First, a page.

STEM students descend on campus for YES-W

When most of Yale’s campus was asleep at 9 a.m. on Sunday morning, more than 100 high school students flooded Kroon Hall to learn about brain tumors, mathematical symmetry and robotics.
When most of Yale’s campus was asleep at 9 a.m. on Sunday morning, more than 100 high school students flooded Kroon Hall to learn about brain tumors, mathematical symmetry and robotics. Photo by Brianna Loo.

When most of Yale’s campus was asleep at 9 a.m. on Sunday morning, more than 100 high school students flooded Kroon Hall to learn about brain tumors, mathematical symmetry and robotics.

The third annual Yale Engineering and Science Weekend (YES-W) — a three-day program run by the Office of Undergraduate Admissions — drew over 100 highly qualified science and engineering high school seniors from the class of 2017 applicant pool to visit campus and participate in science-related events from Feb. 16 to 18. Though the Admissions Office reached its goal of building an incoming class with 40 percent of students planning to major in the STEM fields for the first time last year, it continues to seek the same percentage of science-oriented students for its next class.

The program, which is part of the Admissions Office’s larger plan to recruit the country’s best science and engineering students to Yale, followed a similar format to last year’s weekend and introduced the prospective students to faculty, current students and research opportunities. Jeremiah Quinlan, deputy dean of admissions, said organizers relied on “the success of previous weekends” to design this year’s YES-W.

“We still take immense pride in the quality of our on-campus programming, and it takes a lot of time and effort to bring all of Yale’s resources together in such a showcase,” Quinlan said, adding that dozens of admissions officers worked with a team of students to organize the weekend.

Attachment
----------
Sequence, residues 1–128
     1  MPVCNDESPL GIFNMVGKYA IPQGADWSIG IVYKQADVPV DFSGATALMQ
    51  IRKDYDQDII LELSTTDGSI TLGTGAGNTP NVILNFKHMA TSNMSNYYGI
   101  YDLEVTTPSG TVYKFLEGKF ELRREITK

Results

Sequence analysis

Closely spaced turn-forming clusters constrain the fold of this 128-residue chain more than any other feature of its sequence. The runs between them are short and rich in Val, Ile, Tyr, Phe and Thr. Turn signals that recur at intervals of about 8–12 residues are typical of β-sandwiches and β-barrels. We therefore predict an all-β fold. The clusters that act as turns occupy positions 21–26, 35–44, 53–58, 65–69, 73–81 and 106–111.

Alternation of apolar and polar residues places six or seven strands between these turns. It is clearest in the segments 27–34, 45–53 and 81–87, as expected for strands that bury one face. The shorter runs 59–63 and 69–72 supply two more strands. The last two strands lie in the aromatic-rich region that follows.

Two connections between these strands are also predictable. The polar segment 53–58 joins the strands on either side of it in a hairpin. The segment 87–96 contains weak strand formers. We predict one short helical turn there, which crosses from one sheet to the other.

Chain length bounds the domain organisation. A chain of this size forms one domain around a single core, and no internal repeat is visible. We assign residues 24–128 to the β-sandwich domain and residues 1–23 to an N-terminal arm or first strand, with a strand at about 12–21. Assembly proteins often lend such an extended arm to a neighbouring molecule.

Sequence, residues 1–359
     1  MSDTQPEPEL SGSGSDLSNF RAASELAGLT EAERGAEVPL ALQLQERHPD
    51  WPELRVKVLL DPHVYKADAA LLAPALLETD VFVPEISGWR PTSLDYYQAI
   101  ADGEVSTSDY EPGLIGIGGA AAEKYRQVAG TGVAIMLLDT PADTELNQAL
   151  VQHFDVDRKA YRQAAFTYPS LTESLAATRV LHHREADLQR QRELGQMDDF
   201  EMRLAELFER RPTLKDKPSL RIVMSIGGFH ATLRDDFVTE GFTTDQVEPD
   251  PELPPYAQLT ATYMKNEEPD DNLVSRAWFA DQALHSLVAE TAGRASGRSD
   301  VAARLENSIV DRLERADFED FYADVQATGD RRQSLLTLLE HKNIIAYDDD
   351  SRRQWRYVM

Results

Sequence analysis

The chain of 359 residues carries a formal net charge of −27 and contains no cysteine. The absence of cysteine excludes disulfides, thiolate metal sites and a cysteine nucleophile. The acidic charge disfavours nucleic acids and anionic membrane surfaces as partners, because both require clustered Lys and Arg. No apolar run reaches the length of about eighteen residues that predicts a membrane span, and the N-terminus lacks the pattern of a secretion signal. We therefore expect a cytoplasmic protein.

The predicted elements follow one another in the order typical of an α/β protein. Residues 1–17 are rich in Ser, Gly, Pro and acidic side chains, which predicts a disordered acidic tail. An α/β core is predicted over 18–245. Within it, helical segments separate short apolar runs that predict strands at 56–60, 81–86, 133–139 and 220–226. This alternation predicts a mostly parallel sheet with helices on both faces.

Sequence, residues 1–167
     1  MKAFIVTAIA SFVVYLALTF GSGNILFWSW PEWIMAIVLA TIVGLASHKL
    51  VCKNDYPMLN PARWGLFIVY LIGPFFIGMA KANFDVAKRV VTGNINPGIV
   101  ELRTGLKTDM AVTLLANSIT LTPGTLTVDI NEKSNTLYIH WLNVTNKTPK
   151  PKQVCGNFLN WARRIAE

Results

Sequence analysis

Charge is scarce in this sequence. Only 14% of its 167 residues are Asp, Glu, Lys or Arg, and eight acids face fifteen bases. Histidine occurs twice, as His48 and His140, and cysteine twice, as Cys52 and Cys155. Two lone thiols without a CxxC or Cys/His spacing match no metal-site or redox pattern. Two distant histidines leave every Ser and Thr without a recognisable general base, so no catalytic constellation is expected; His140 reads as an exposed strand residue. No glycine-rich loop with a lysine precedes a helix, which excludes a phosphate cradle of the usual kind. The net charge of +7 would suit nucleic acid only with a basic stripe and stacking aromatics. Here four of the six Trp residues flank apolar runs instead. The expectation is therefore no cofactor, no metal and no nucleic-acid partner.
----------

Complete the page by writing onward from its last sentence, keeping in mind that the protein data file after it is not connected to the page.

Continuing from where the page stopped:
The schedule for YES-W this year included several master classes with faculty, an undergraduate research symposium and a panel of young alumni, in addition to campus tours and meals in the residential colleges. On Saturday evening, students competed to build a Rube Goldberg machine in the Center for Engineering, Innovation and Design.

High school students at YES-W — all of whom received “likely letters” indicating their probable admission to Yale — said they enjoyed the weekend’s events, though most said they are still undecided about where to attend college. All 11 students interviewed said attending YES-W sharpened their knowledge of Yale’s resources and offerings.

“They are definitely spending a lot of energy trying to get us to come to Yale, and I think it’s working,” said Daniel Chen, a YES-W attendee. “Talking to current Yale students, their interesting points of view made my opinion [of Yale] better than it was before.”

Another student, Claire Mellon, said she “never really thought of Yale as an engineering powerhouse” before coming to campus. She added that receiving a likely letter and being invited to the program made her consider Yale more seriously.

Vince Wilczynski, deputy dean of the School of Engineering and Applied Science and the leader of a Saturday master class on engineering and design, said he enjoyed speaking with excited high school students and witnessing the impact of that excitement on current Yale students involved in YES-W. He added that he feels the weekend gave students a view of Yale’s science offerings beyond the current admissions materials.

“There are things so new that they’re not yet in the Admissions Office’s promotional materials, like the CEID and the engineering café,” Wilczynski said. “And you can’t document the connection between faculty and students …  except in person.”

Yale students who previously participated in YES-W during their senior year of high school also said the weekend significantly changed their level of commitment to Yale.

Bechir-Auguste Pierre ’15, who attended the pilot year of the program in 2011, said YES-W provided a strong introduction to Yale’s science culture.

“I was really shown that professors care,” he said. “[I also saw] the kinds of research undergraduates were doing — not just cleaning laboratory tools, but actual research.”

This year’s YES-W will officially conclude with a reception in Luce Hall on Monday at 5 p.m.

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